USS Utina (ATF-163)

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USS Utina (ATF-163)
The fleet tug Utina (ATF-163)
Career (U.S.)
Laid down: 16 June 1945
Launched: 31 August 1945
Commissioned: 30 January 1946
Decommissioned: 3 September 1971
Honours and
Navy Expeditionary Medal (2-Cuba)
American Campaign Medal
World War II Victory Medal
National Defense Service Medal
Armed Forces Expeditionary Medal (Cuba)
Fate: Transferred to the Venezuelan Navy
General characteristics
Displacement: 1,589 tons
Length: 205 ft 0 in (62.48 m)
Beam: 38 ft 6 in (11.73 m)
Draught: 15 ft 4 in (4.67 m)
Propulsion: 4 x General Motors 12-278A diesel main engines
4 x General Electric generators
3 x General Motors 3-268A auxiliary services engines
single screw
3,600 shp
Speed: 16.5 knots (30.6 km/h)
Complement: 85
Armament: 1 x 3 in; 2 x 40 mm; 4 x 20 mm

USS Utina (ATF-163) was an Abnaki-class of fleet ocean tug. It was named after Olata Ouae Utina (fl. 1565), a leading chief of the now-extinct Utina tribe of Timucua Indians who occupied the territory along the middle reaches of the St. Johns River in Florida near the present-day site of St. Augustine, Florida.

The Utina was laid down on 6 June 1945 at Charleston, South Carolina, by the Charleston Shipbuilding & Drydock Company; launched on 31 August 1945; sponsored by Mrs. Jonathan Yerkes; and commissioned at the Charleston Navy Yard, on 30 January 1946, Lt. A. J. Vetro in command.

Since commissioning, the major portion of Utina's long Navy career was spent in the western Atlantic Ocean and in the West Indies. She carried out a variety of towing missions, helping damaged ships into port, towing decommissioned ships to berthing areas, towing targets for gunnery exercises, and the like. Throughout her active career, Utina was closely associated with the American naval base at Guantanamo Bay, Cuba. Right after commissioning, she conducted her shakedown training out of that port, and when she completed it, Guantanamo Bay became her home port for over five years. In 1951, she was reassigned to Norfolk, Virginia but continued to deploy each year to the base in Cuba for several weeks of operations—frequently in conjunction with the annual "Springboard" fleet exercises held in the West Indies. She was at Guantanamo Bay in February of 1964 when Cuban Premier Fidel Castro cut off the base's water supply. When the United States government decided to respond by permanently serving the water link to illustrate the base's self sufficiency, Utina played an important role by bringing in Guantanamo Bay's first potable water before two large tankers could be activated for the purpose.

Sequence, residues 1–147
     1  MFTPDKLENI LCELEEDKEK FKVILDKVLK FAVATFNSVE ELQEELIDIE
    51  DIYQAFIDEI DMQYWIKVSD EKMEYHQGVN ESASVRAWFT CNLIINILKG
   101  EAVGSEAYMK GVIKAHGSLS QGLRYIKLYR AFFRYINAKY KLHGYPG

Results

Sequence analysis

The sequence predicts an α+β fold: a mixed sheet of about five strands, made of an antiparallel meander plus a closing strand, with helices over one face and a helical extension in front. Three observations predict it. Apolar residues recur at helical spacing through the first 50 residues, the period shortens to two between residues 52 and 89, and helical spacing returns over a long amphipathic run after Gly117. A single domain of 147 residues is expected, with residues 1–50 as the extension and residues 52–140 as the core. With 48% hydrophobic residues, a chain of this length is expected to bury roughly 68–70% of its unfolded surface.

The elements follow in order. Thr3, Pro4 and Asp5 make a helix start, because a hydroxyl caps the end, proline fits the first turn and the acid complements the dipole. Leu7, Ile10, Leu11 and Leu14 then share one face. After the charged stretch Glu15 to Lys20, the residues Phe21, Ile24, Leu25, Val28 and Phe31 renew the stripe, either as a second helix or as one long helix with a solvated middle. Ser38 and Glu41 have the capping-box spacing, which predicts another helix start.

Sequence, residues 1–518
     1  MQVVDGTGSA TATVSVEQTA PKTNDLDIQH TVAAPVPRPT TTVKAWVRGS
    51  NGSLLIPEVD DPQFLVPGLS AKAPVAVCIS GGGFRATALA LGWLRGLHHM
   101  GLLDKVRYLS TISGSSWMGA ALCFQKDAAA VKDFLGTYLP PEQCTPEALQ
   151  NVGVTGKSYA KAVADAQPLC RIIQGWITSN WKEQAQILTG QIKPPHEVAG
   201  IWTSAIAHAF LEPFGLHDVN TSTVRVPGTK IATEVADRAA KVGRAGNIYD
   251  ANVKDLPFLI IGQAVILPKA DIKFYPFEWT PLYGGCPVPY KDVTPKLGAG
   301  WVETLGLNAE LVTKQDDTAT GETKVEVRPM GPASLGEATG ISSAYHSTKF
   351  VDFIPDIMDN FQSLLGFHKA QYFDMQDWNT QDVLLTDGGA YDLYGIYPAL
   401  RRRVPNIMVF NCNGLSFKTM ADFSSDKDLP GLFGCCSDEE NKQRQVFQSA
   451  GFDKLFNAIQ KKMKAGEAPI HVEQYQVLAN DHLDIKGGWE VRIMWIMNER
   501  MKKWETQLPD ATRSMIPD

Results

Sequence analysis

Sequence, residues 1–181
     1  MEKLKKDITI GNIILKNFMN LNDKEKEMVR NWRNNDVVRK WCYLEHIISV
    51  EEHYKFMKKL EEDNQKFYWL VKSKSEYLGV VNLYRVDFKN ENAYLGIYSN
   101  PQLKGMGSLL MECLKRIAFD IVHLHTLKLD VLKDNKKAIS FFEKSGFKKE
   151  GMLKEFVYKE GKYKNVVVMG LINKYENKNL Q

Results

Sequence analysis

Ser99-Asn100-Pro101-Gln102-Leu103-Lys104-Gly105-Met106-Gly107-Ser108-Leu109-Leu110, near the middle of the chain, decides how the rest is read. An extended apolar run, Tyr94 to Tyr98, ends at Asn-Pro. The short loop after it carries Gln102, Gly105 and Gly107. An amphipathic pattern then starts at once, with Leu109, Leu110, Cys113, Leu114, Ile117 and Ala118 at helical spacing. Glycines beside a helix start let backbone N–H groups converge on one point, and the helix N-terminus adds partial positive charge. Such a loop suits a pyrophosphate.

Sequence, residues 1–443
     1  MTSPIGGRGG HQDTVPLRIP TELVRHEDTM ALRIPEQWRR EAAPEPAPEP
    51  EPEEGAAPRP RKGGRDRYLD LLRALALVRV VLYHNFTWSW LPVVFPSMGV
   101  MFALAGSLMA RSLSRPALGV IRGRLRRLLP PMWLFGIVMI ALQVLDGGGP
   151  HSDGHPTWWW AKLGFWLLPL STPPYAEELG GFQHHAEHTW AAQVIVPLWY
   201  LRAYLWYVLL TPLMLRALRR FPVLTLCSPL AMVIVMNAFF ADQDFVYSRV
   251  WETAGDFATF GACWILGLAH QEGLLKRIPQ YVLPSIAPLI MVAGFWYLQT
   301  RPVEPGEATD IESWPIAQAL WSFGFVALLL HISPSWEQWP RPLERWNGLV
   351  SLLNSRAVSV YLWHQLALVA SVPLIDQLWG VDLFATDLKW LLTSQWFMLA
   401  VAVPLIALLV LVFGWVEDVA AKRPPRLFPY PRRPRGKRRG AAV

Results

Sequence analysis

Throughout her quarter of a century of service with the Navy, Utina altered her routine of operations along the eastern seaboard and in the West Indies only twice. In May 1965, she embarked upon her only deployment to the 6th Fleet in the Mediterranean Sea. Her missions, however, remained the same though the emphasis shifted to target towing for 6th Fleet surface gunnery exercises. She returned to Norfolk in early October 1965 and resumed 2d Fleet services once more. Her second departure from her primary zone of operations came in June 1967 when she steamed to Iceland to assist USS Aeolus (ARC-3) in a special project. The tug returned to Norfolk on 13 July 1967 and resumed east coast-West Indies operations for the remaining four years of her career.

On 3 September 1971, Utina was decommissioned at Norfolk, and she was transferred, on a loan basis, to the Venezuelan Navy. She was commissioned as Felipe Larrazabal (R 21) and served in the Venezuelan Navy until December 1977. At that time, she was returned to the United States Navy, retransferred to Venezuela on a sale basis, and her name was struck from the Navy list—all simultaneously. As of the beginning of 1980, she was still active with the Venezuelan Navy.


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